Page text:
One of my absolute favorite times of the year has come around once again- Christmastime! Even if you don't celebrate Christmas, I don't think anyone can argue that seeing everyone in the Christmas spirit is a great feeling. But a lot of people don't necessarily understand the traditions that go with my favorite holiday. So, I decided to find out why we do the things we do around the holidays.
1. Christmas Trees
One of the most prominent symbols of Christmas, the Christmas tree has been around for about a 1000 years. Christians have traditionally used it as a sign of eternal life with God. However, pagans used fir trees to celebrate winter holidays long before Christians were around. They used the tree, which is, of course, always green, during the winter solstice as a sign of hope for the spring to come. So if you're starting to feel like you'll never see a full twelve hours of sunlight again, look to your tree for some hope.
Stockings may appear to be one of the more whimsical parts of holiday decorating (like who thought of hanging up pretty socks?). But in reality, the legend behind stockings is pretty dark. It starts with a man whose wife dies, thus leaving him to take care of their three daughters. Unfortunately, the man was very poor and unable to pay for the dowries necessary for his daughters to be married, and was afraid they would have to be prostitutes. The Bishop Nicholas (spoiler alert: this is where Saint Nick comes from) decided to help the man, and left gold for each of the daughters by the fireplace, and one of the donations fell into a drying stocking. (They all lived happily ever after by the way).
3. Santa's Milk And Cookies
While there are quite a few possible origins of this tradition, one that seems to really be onto something is a German one. In Germany, people would decorate their "paradise trees," as they were called at the time, with cookies, fruit, and other snacks for Saint Nick to refuel with during his holiday ventures.
The tradition of kissing under mistletoe during Christmastime originated in Norse mythology. The goddess Frigga's son Balder was killed by an arrow made of the plant, and she proceeded to cry tears made of white berries. Her tears brought Balder back to life (one of the few happy moments of Norse mythology) and she blessed the plant, promising to kiss anyone who walked beneath it. At first, the tradition in the human world was to kiss the host's hand when one passed through their mistletoe-decorated threshold. Of course, now it has evolved into kissing when a couple meets beneath mistletoe.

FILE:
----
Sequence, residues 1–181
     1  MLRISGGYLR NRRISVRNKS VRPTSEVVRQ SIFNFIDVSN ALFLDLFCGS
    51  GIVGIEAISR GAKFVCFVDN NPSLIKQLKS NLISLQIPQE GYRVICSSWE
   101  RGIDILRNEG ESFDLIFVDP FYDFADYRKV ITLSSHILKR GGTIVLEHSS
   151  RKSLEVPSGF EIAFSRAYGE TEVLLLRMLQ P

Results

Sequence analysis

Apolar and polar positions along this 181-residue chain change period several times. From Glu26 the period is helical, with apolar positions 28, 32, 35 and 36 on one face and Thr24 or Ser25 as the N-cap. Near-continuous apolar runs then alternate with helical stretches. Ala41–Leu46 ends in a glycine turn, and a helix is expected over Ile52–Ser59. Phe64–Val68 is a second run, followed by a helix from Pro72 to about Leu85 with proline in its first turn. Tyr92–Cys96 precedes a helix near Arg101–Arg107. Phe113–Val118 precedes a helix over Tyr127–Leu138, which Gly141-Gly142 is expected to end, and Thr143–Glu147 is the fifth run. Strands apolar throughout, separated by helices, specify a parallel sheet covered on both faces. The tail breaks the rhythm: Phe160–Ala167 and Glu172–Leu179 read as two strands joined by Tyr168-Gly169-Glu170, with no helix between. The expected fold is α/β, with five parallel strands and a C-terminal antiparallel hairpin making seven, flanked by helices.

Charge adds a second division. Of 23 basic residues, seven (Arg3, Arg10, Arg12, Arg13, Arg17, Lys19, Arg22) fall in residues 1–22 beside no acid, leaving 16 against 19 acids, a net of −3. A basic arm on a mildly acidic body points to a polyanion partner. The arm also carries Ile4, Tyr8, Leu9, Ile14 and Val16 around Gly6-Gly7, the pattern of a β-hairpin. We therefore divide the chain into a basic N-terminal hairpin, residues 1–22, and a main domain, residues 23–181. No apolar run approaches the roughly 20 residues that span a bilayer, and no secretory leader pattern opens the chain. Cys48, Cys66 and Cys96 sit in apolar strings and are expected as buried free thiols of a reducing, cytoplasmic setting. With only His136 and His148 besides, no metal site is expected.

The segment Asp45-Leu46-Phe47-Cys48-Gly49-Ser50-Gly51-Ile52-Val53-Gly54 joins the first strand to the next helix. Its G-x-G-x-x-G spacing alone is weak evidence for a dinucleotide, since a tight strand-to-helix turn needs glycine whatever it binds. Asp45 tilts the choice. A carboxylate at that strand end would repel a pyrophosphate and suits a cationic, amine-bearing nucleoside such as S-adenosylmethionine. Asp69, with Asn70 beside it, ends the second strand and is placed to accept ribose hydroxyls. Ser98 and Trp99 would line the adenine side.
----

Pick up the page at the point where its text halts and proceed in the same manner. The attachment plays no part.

5. Christmas Carols
Caroling also originated from pagan rituals. Carols were originally songs with which a group of people would dance around something (it's not exactly clear what). The carols of the winter solstice were especially distinctive, and Christians began to adapt the songs to fit Christianity. Christmas carols didn't catch on at first, because they were mostly written by church officials and in Latin. However, St. Francis of Assisi began to compose carols in his plays, which were performed in common languages, and totally reenergized celebrating Christmas.
6. Christmas Pickles
Glass, pickle-shaped ornaments are often hung on Christmas trees, and many people believe that the tradition began in Germany. However, many Germans haven't even heard of the pickle tradition. Other stories claim that pickles brought various poor, unfortunate souls back to life on Christmas, but they seem pretty far-fetched. Odds are, this one is just a tradition invented by an ornament-seller.
Tinsel was originally made of silver, and was pretty heavy and expensive, so it wasn't ideal for most people to decorate with. The legend is that when poor, deserving families went to bed with undecorated trees before Christmas, a Christmas spider would cover the trees in webs that would turn to silver overnight. Some versions say that the change happened on its own, others say that the light transformed the webs to silver, and yet others accredit Saint Nick for doing it.
8. Flying Reindeer
The flying reindeer concept is a little harder to trace than other traditions. What we know is that the person who was originally referred to as Saint Nick traveled via a white steed. It was not specified what animal propelled Santa's sleigh in early accounts of the holiday, but in the early 1800s a story popped up in New York which claimed the animals were reindeer. Most people had never heard of such a thing, as the Arctic was still largely unexplored. So, because the reindeer seemed so mysterious and majestic (and probably white like the steed), it is likely they were correlated with pulling the sleigh.
9. Red And Green
The colors red and green have come to represent Christmastime. Red represents the religious aspects of Christmas: the blood of Jesus, the apple that caused Adam and Eve to fall, and the robes of Bishops. Green represents the pagan viewpoint of the solstice: green plants like ivy, fir, and mistletoe (which are green in the winter) serve as a reminder that the harsh winters wouldn't last forever.
10. Christmas Lights
Christmas candles, of course, were originally very utilitarian: they kept the house lighted and somewhat heated during the cold, dark winters. But electric Christmas lights had a different origin. Thomas Edison wanted to promote his invention: the lightbulb. So, naturally, he covered his laboratory in Menlo Park with the new incandescent lightbulbs. To passengers on trains traveling along the nearby railroad, the lights were basically a Christmas miracle. And, of course, after that they caught on in a major way (capitalism and Christmas certainly go together).